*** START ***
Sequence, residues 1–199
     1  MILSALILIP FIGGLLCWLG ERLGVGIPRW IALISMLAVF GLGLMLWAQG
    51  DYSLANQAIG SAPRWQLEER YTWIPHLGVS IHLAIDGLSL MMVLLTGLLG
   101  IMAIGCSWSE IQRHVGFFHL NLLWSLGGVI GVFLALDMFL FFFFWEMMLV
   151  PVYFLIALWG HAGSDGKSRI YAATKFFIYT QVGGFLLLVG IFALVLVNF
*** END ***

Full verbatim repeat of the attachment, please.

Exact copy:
Sequence, residues 1–199
     1  MILSALILIP FIGGLLCWLG ERLGVGIPRW IALISMLAVF GLGLMLWAQG
    51  DYSLANQAIG SAPRWQLEER YTWIPHLGVS IHLAIDGLSL MMVLLTGLLG
   101  IMAIGCSWSE IQRHVGFFHL NLLWSLGGVI GVFLALDMFL FFFFWEMMLV
   151  PVYFLIALWG HAGSDGKSRI YAATKFFIYT QVGGFLLLVG IFALVLVNF